In State v. Cuthbertson (2000), 139 Ohio App.3d 895, 746 N.E.2d 197, this court ordered the trial court to grant the defendant's presentence plea withdrawal motion. The factors that we held tipped the scales in the defendant's favor were as follows: prejudice to the state was not articulated and would not be presumed; the defendant stated that he was innocent and that he was pressured to plead by his mother, fiancée, and attorney; the defendant timely filed a pro se motion to withdraw his plea, which was received by the court a mere week after the plea and two weeks before the scheduled sentencing; the motion stated the specific reasons for plea withdrawal; and the defendant repeated the reasons at the withdrawal hearing.
As for the factors that weigh in appellant's favor in the case at bar, prejudice to the state is not articulated and will not be presumed. Lack of prejudice to the state as a result of plea withdrawal is an important factor. Id. at 899-900, 746 N.E.2d at 200, citing Fish, 104 Ohio App.3d at 239-240, 661 N.E.2d 788, and State v. Boyd (Oct. 22, 1998), Franklin App. No. 97APA12-1640, unreported, at * 6, 1998 WL 733717.
Moreover, appellant filed a timely pro se motion to withdraw his plea. The letter to the court was written November 3, 1999 and postmarked the next day. This is two weeks after appellant pled guilty and more than a month before the scheduled sentencing hearing. In this motion, appellant states that he is not guilty and sets forth the reasons for plea withdrawal. First, he alleges that his attorney failed to properly investigate the case in that he failed to interview the eyewitness. Next, he claims that he felt pressured to plead by his attorney.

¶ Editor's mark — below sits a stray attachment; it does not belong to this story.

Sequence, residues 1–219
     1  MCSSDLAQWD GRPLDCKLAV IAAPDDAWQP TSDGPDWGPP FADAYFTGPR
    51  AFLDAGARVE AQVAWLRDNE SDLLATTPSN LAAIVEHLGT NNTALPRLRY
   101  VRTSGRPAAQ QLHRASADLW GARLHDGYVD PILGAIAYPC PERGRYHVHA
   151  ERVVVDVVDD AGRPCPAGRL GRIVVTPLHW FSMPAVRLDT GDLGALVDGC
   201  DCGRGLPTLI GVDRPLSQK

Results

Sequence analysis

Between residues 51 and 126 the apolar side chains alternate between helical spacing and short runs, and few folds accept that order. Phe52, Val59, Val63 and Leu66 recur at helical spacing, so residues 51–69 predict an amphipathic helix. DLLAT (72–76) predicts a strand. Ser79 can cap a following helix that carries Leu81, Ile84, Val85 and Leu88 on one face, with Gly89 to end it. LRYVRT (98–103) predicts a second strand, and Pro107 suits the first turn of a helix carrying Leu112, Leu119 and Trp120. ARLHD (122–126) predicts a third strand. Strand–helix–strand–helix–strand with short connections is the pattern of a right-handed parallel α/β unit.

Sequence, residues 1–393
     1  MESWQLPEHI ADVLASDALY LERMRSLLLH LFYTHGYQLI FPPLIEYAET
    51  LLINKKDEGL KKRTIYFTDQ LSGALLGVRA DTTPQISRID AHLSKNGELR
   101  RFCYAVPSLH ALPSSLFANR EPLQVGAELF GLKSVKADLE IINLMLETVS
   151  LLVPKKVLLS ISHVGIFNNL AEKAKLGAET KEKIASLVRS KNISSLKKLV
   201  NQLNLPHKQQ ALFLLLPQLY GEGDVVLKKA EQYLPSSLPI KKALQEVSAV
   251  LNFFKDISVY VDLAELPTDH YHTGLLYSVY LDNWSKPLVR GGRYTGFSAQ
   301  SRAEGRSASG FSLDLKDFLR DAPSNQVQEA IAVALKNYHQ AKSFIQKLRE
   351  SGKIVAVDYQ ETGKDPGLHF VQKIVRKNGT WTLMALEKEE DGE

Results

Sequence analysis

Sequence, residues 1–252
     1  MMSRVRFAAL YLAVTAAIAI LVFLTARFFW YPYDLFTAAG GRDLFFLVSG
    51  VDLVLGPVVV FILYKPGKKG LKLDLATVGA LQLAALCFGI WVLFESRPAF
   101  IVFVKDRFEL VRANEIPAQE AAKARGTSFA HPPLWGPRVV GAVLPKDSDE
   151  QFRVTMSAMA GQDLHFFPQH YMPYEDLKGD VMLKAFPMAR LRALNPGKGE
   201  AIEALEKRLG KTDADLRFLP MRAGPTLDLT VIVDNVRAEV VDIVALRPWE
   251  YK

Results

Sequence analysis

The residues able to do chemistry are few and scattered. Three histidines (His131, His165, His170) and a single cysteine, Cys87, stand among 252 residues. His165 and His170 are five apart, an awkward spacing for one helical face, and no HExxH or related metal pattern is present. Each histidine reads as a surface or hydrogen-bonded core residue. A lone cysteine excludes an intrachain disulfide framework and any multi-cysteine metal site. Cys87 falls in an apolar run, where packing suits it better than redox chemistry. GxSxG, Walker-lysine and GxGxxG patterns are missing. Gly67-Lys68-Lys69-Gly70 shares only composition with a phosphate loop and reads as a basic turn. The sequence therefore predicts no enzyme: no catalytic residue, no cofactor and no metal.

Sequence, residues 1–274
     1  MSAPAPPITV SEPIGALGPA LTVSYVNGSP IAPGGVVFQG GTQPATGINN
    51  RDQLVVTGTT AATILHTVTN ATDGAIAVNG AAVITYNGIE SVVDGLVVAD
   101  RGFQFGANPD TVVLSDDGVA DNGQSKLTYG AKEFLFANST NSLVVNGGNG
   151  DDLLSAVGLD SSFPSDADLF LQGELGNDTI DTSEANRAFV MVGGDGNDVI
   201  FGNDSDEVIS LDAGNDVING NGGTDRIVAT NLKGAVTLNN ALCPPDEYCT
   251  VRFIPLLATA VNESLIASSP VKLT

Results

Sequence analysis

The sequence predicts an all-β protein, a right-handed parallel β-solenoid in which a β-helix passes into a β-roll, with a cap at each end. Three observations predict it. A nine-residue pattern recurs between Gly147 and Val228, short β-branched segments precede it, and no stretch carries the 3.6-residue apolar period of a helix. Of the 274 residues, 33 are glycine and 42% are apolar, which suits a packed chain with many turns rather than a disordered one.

Appellant claimed self-defense to the police officers after the shooting and still maintains that he shot the victim in self-defense. At the plea withdrawal hearing, appellant informed the court that while in jail, he was told by the brother of Ms. Vath that she saw the victim draw a gun first. Appellant, therefore, has a legitimate reason to doubt the wisdom of his plea in that he was previously informed that Ms. Vath was going to testify against him but subsequently learned that Ms. Vath's purported testimony would be consistent with his previously announced defense. Appellant also complained that his attorney failed to contact Justin Salata, who he claims is a witness who could exonerate him.
Furthermore, appellant told the court that he felt pressure from his attorney to plead guilty. He claimed that he did not agree to the plea and complained that his attorney told him that he would get more time if he failed to accept the plea to felonious assault. The court responded that his attorney told him the truth. However, at the original plea hearing, when appellant inquired why his attorney said the state would drop the firearm specification, the following dialogue took place: